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I'm having difficulty with coding my realloc function.

I have it working through standard memcpy procedure, but I can't get it optimized. I know there are two other cases I need to accommodate for: expanding the current block forward, and checking if the current sized block is large enough (and if too large, split it to free memory).

However, I can't seem to get it right. I always get errors. To clarify, these are not compile errors... these are heap integrity checks that fail through a trace driver. If I do it without splitting, I I run out of memory, and if I try to split, it says it "failed to preserve the original block/data."

Below is my normal memcpy code. The commented section in the middle is my attempt to expand, but I think I need to split because it's causing a ton of fragmentation. This is leading to me running out of memory and erroring out during (one) of the realloc tests. If I do it without the comment block, it works fine, but there is zero optimization.

My attempts to split always fail; commented code at the bottom is my attempt. What am I doing wrong here?

I would very much appreciate any assistance, thank you. :)

#define PACK(size, alloc) ((size) | (alloc))
#define GET_SIZE(p) (GET(p) & ~0x7)
#define GET_ALLOC(p) (GET(p) & 0x1)
#define HDRP(bp) ((char *)(bp) - WSIZE)
#define FTRP(bp) ((char *)(bp) + GET_SIZE(HDRP(bp)) - DSIZE)
#define NEXT_BLKP(bp) ((char *)(bp) + GET_SIZE(((char *)(bp) - WSIZE)))

void *mm_realloc(void *oldptr, size_t size)
{
    void *newptr;
    size_t copySize;
    copySize = GET_SIZE(HDRP(oldptr));
    size_t next_alloc = GET_ALLOC(HDRP(NEXT_BLKP(oldptr)));
//  if (copySize > size) return oldptr;

    /*if (!next_alloc) { 
        if ((GET_SIZE(HDRP(oldptr)) + GET_SIZE(HDRP(NEXT_BLKP(oldptr))))>size) {
        copySize += GET_SIZE(HDRP(NEXT_BLKP(oldptr)));
        PUT(HDRP(oldptr), PACK(copySize,1));
        PUT(FTRP(oldptr), PACK(copySize,1));
        return oldptr;
        }
    }*/

    newptr = mm_malloc(size);
    if (newptr == NULL)
      return NULL;
    if (size < copySize)
        copySize = size;
    memcpy(newptr, oldptr, copySize);
    PUT(newptr,GET(oldptr));
    mm_free(oldptr);
    return newptr;
}

//      int total_avail = (GET_SIZE(HDRP(oldptr)) + GET_SIZE(HDRP(NEXT_BLKP(oldptr))));
//      copySize -= (total_avail - size);
share|improve this question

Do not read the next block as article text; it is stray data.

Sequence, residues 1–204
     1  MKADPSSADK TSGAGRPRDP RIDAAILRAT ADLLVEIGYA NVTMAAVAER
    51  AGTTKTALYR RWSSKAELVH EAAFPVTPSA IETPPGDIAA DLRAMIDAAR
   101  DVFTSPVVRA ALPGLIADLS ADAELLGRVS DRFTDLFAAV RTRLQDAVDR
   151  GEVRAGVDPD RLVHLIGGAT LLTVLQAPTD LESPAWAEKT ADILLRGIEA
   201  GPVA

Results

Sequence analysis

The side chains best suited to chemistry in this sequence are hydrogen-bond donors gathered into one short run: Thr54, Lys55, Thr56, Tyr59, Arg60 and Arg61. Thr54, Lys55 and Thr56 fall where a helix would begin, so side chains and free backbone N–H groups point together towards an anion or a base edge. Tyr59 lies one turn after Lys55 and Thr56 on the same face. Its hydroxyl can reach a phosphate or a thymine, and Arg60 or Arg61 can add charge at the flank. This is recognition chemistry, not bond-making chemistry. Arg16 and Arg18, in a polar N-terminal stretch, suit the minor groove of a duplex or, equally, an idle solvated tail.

Welcome to Stack Overflow! Asking people to spot errors in your code is not especially productive. You should use the debugger (or add print statements) to isolate the problem, and then construct a minimal test-case. –  Oli Charlesworth Mar 3 '13 at 2:39
    
The code compiles fine. The "errors" that exist are heap integrity failure checks through a trace driver. –  user2127970 Mar 3 '13 at 2:40
1  
Does it fail on the first use of mm_realloc()? What is the pointer that you pass in? The code doesn't look as if it is protected from a null pointer as the pointer. It doesn't look as if you ensure that the pointer passed in is appropriately aligned. Both are tests that could be added. You've not shown how you construct your lists of memory allocations. In short, you've not shown all the important code. Compact is good, but resolvable is good too. –  Jonathan Leffler Mar 3 '13 at 2:46
    
The existing memcpy code works perfectly for all pointer tests, besides having poor memory utilization. If I run the commented block, it will fail near the end of the test (the last few very large words), due to running out of memory. I'm not sure what other code would be useful to see; the rest of the code is functional for all tests (malloc, etc). It's just the realloc tests that fail as described above. The splitting code at the bottom fails on the first few tests of realloc. The "tests" being run are traces created by my professor to ensure my code is functional. I am struggling. –  user2127970 Mar 3 '13 at 2:49
    
May we ask why you are reimplementing functions in the standard C library? What is wrong with using one of the existing open source C libraries, or cribbing the functions you want? –  vonbrand Mar 3 '13 at 2:54

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